The first sign that Kim Jong-un was making his inaugural overseas trip as leader of North Korea was the appearance of an armoured train in China.
His predecessors, father Kim Jong-il and grandfather Kim Il-sung, also preferred rail for their domestic and overseas travels.
International childhood, domestic rule
Kim Jong-un studied in Switzerland in the 1990s, including at the International School of Berne, along with his brother and sister, and is believed to have visited Germany and France during the period.
Unconfirmed South Korean news reports said Mr Kim and his brother Jong Chol visited Tokyo Disneyland as children using fake passports to enter Japan in 1991.
Infamously his eldest brother Jong Nam (below) - assassinated at Kuala Lumpur's international airport last year in a killing widely blamed on Pyongyang - tried to do the same in 2001, using a Dominican Republic passport, but was stopped at Japanese immigration.
Kim Jong-un is known to travel by air domestically, and is said to have accompanied his father on a 2011 train trip to China, but is believed to have not previously left the North since ascending to power.
In 2015, the Kremlin announced he would be attending ceremonies to mark the 70th anniversary of the Soviet Union's victory over Nazi Germany in World War II, but in the end the visit was cancelled with no reason given.
Fear of flying
Mr Kim's father Kim Jong-il was renowned for his fear of flying, limiting his foreign trips to overland journeys to China and Russia by armoured train - the same mode of transport used to reach Beijing this week.
His 2011 trip to China was a marathon 6,000km journey taking in Beijing, Nanjing and Shanghai among other destinations.
One of his previous visits came in 2000, shortly before the first inter-Korean summit with South Korean president Kim Dae-jung.
Kim Jong-il also took trains to Russia in 2001, when he went to Moscow and met Vladimir Putin and 2011, when he met then-president Dmitry Medvedev in the Siberian city of Ulan-Ude.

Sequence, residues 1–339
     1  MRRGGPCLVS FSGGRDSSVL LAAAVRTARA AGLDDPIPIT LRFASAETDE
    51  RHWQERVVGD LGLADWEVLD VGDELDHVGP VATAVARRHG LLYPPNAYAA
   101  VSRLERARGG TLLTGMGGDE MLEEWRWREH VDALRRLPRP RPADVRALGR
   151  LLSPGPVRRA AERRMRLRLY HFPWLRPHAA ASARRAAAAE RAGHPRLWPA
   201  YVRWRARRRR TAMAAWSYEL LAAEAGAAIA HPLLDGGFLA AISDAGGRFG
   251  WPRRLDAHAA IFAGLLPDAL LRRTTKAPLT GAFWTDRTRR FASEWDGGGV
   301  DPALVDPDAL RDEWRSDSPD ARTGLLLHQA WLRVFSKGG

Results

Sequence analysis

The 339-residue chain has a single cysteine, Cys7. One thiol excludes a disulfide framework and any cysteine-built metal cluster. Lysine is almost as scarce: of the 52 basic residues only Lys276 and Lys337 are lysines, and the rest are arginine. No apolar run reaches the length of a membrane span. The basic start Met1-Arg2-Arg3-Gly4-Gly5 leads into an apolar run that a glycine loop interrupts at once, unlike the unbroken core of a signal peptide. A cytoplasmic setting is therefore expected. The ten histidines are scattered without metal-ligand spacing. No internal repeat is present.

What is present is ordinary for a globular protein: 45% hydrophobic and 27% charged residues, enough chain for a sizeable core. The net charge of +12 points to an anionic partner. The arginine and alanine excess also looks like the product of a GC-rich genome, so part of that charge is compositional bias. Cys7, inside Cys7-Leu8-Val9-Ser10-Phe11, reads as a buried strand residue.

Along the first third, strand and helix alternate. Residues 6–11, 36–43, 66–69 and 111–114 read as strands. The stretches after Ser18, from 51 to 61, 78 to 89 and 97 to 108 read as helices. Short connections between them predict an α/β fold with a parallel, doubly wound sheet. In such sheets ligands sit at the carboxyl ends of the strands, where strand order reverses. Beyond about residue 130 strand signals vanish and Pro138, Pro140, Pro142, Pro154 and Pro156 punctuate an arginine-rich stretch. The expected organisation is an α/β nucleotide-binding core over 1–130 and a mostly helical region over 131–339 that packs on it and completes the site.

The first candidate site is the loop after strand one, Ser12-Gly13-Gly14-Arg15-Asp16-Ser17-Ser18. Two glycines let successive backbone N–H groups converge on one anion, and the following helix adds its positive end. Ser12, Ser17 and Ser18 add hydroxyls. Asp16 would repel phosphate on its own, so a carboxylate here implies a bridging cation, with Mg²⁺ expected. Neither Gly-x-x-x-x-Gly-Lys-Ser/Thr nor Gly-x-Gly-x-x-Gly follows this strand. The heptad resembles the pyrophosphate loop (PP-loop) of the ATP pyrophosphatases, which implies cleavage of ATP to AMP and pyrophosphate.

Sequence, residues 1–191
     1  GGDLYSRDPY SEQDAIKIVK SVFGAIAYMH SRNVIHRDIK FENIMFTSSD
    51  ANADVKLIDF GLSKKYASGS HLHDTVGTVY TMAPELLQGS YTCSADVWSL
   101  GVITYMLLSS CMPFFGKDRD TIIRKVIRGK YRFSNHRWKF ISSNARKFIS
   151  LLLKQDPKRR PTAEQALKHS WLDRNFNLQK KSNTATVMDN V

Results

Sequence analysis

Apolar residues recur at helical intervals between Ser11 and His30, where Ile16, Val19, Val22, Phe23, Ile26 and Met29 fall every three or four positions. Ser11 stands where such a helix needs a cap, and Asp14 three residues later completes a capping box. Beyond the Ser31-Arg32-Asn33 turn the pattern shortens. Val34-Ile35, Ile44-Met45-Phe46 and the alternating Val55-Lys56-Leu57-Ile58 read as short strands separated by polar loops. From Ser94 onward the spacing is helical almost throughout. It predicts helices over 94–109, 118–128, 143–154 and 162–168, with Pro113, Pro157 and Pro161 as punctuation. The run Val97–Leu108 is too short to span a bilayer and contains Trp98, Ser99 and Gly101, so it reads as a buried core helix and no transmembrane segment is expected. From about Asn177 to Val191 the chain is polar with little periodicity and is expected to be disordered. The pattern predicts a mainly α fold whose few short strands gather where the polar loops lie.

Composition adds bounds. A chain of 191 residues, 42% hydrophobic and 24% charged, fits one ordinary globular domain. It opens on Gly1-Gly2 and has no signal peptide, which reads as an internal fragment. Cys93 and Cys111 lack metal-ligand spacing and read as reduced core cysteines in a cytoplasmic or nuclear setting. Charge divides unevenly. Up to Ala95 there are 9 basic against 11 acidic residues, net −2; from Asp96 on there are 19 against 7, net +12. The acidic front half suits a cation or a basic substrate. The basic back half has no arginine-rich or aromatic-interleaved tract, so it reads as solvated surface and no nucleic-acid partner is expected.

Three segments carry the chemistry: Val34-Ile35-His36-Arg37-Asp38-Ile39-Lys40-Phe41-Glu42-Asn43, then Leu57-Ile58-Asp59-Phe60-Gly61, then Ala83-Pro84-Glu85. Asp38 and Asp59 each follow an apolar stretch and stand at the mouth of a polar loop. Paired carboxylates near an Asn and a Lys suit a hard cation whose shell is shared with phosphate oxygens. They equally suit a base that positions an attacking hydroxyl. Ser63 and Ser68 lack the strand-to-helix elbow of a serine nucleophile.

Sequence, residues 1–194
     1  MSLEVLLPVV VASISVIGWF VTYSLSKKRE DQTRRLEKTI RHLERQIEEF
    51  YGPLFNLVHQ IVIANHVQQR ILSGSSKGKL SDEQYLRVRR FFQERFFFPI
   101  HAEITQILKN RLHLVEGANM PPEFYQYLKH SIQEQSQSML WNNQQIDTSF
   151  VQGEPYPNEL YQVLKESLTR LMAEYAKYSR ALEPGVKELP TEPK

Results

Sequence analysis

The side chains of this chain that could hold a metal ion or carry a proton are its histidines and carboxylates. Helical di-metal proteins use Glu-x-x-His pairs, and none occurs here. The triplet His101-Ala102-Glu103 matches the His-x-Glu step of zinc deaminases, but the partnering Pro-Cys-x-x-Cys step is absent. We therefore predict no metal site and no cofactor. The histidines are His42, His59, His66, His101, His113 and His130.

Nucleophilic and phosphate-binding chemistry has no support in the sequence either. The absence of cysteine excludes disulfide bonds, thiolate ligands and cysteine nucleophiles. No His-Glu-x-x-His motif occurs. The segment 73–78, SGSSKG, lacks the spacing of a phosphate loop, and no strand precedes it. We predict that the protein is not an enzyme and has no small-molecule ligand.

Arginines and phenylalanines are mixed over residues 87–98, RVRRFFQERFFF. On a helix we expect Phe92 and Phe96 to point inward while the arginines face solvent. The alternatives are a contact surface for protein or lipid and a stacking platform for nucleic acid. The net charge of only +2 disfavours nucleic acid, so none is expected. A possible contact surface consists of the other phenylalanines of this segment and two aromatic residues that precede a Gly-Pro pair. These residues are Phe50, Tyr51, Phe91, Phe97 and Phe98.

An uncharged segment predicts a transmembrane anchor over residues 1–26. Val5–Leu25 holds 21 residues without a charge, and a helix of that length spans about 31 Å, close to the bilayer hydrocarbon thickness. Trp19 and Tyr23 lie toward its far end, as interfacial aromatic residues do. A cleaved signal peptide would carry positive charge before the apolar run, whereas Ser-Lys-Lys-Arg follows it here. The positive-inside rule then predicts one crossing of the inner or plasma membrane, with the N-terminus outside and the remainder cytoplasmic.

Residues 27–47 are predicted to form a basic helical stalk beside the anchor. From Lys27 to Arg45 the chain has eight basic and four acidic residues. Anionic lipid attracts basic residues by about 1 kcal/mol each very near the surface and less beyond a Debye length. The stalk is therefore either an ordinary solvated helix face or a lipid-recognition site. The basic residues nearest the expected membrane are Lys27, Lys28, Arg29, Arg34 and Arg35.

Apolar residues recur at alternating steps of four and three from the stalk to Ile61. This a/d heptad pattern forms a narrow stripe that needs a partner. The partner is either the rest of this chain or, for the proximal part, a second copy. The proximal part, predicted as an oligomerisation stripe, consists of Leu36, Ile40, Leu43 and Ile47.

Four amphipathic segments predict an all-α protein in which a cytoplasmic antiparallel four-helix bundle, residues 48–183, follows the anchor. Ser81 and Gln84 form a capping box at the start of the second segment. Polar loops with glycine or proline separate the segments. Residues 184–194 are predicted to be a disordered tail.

At the time, residents near the Bureya rail station were told to stay in their houses and not look out of their windows as his train arrived.
Of the three Kims, the North's founding father Kim Il-sung was the most frequent overseas traveller.
He secretly visited Moscow in 1949 to meet Joseph Stalin and seek support for his plan to reunify the divided Korean peninsula by force.
The following year, his forces invaded the South, triggering the Korean War that pitted Pyongyang's Chinese- and Russian-backed troops against a US-led United Nations alliance.
In 1961, Kim Il-sung returned to Moscow to meet then-General Secretary Nikita Khrushchev and the two countries signed a mutual defence pact.
He was a prominent figure in the Non-Aligned Movement and attended a conference of Asian and African countries in 1965 in Bandung, Indonesia, bringing along his son.
In 1990, he travelled secretly to China, reportedly to discuss warming relations between South Korea and the Soviet Union with Chinese leaders including Jiang Zemin.
Kim Il-sung's longest train trip took place in 1984, on a tour of the Soviet Union and other East European countries - Poland (pictured above), East Germany, Czechoslovakia, Hungary, Yugoslavia, Bulgaria and Romania.
The carriages the two elders Kims used for their travels are both on display in the Kumsusan mausoleum in Pyongyang where their bodies lie in state.